The Manitoba government is investing $6 million in programs to help improve the quality of life for young people with Type 1 diabetes.
“The challenge of diabetes, Type 1 and Type 2, in Manitoba and Canada has been one of the most significant health challenges that our country and our province has been facing,” said Premier Kelvin Goertzen.
“Measures to help manage diabetes are challenging at all ages and particularly for children and for youth.”
The province announced the funding at a news conference on Tuesday morning, noting that it is creating programs to pay for advanced glucose monitors and insulin pumps for those aged 25 years and younger.
The province estimates with these programs, more than 1,000 residents can seek coverage for advanced glucose monitors and up to 200 more Manitobans will be able to use insulin pumps with no upfront costs.
“These investments will greatly improve the quality of life for young Manitobans with diabetes,” said Health Minister Audrey Gordon.
Advanced glucose monitors improve blood sugar management for those with Type 1 diabetes. Residents who are 25 and younger who meet the eligibility criteria, including a referral from specialist, will have the choice of continuous or flash glucose monitors.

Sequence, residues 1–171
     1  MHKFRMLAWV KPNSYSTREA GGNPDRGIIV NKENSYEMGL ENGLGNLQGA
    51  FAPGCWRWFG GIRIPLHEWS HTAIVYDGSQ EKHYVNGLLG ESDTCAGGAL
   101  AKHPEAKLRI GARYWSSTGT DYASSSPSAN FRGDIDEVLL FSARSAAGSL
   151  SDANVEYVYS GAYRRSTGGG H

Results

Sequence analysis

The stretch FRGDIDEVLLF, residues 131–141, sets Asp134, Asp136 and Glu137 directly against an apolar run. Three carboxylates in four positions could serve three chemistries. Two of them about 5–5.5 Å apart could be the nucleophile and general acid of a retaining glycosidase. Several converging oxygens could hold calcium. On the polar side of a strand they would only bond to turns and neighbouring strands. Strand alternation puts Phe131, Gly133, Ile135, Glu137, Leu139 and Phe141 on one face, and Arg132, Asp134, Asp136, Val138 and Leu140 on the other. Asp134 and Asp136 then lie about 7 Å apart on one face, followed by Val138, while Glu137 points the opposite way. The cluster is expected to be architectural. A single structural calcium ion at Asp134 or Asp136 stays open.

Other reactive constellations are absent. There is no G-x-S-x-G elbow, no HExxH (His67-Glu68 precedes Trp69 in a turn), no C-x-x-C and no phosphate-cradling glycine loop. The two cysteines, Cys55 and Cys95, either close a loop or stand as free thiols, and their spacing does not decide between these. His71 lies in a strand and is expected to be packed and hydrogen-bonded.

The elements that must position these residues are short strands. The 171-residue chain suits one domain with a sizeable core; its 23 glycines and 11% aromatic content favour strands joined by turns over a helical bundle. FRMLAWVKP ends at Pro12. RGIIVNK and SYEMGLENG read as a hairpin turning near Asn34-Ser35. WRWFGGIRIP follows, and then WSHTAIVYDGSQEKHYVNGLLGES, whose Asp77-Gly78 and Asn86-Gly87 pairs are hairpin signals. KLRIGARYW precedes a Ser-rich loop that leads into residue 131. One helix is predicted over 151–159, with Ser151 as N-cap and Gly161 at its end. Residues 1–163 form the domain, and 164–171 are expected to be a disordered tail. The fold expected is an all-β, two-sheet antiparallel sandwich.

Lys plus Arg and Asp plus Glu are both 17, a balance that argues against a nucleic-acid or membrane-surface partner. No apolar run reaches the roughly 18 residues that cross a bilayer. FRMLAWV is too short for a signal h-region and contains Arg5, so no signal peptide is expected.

The province notes that eligible Manitobans will still need to pay out-of-pocket for advanced glucose monitors until their pharmacare deductible has been met for the year. Those receiving employment and income assistance will receive them at no cost.
Currently, insulin pumps are provided at no cost to eligible Manitobans under the age of 18 under by the Manitoba Pediatric Insulin Pump Program (MPIP)
According to the Manitoba government, the eligibility for insulin pumps for those aged 18 to 25 will be similar to the MPIP Program, and include those with Type 1 diabetes who have an endocrinologist’s recommendation for an insulin pump.
Manitobans do not need to meet their pharmacare deductible before they can receive an insulin pump.
“We welcome this expansion as these devices are absolutely critical in preventing life-threatening complications and improving health outcomes,” said Dr. Nick Hajidiacos, a JDRF board member.
“Managing Type 1 [diabetes] is a daily struggle, and self-management is made tremendously better through technology, such as insulin pumps, CGMs, and flash glucose monitors, which improve overall blood glucose, and time and target range.”
The new supports for advanced glucose monitors take effect on Sept. 18 and in November 2021 for insulin pumps.
“Many Manitobans will benefit from this coverage and this announcement demonstrates the evolution of coverage options,” Hajidiacos said.